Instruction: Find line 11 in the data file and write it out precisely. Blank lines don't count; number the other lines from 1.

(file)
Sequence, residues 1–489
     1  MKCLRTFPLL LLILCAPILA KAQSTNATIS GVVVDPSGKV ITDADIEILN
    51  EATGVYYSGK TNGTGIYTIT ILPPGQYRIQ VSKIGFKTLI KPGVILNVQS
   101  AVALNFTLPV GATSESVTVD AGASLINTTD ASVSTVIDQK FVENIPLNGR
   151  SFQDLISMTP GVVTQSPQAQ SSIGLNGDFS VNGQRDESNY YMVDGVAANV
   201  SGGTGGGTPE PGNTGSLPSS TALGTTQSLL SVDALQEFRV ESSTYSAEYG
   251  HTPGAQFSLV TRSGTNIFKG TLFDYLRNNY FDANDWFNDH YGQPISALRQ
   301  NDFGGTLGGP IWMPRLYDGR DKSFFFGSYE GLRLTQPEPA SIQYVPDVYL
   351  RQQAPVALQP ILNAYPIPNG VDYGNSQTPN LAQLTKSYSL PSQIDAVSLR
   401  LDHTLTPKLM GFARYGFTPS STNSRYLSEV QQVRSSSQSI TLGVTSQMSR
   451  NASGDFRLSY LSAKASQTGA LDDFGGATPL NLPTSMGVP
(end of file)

   451  NASGDFRLSY LSAKASQTGA LDDFGGATPL NLPTSMGVP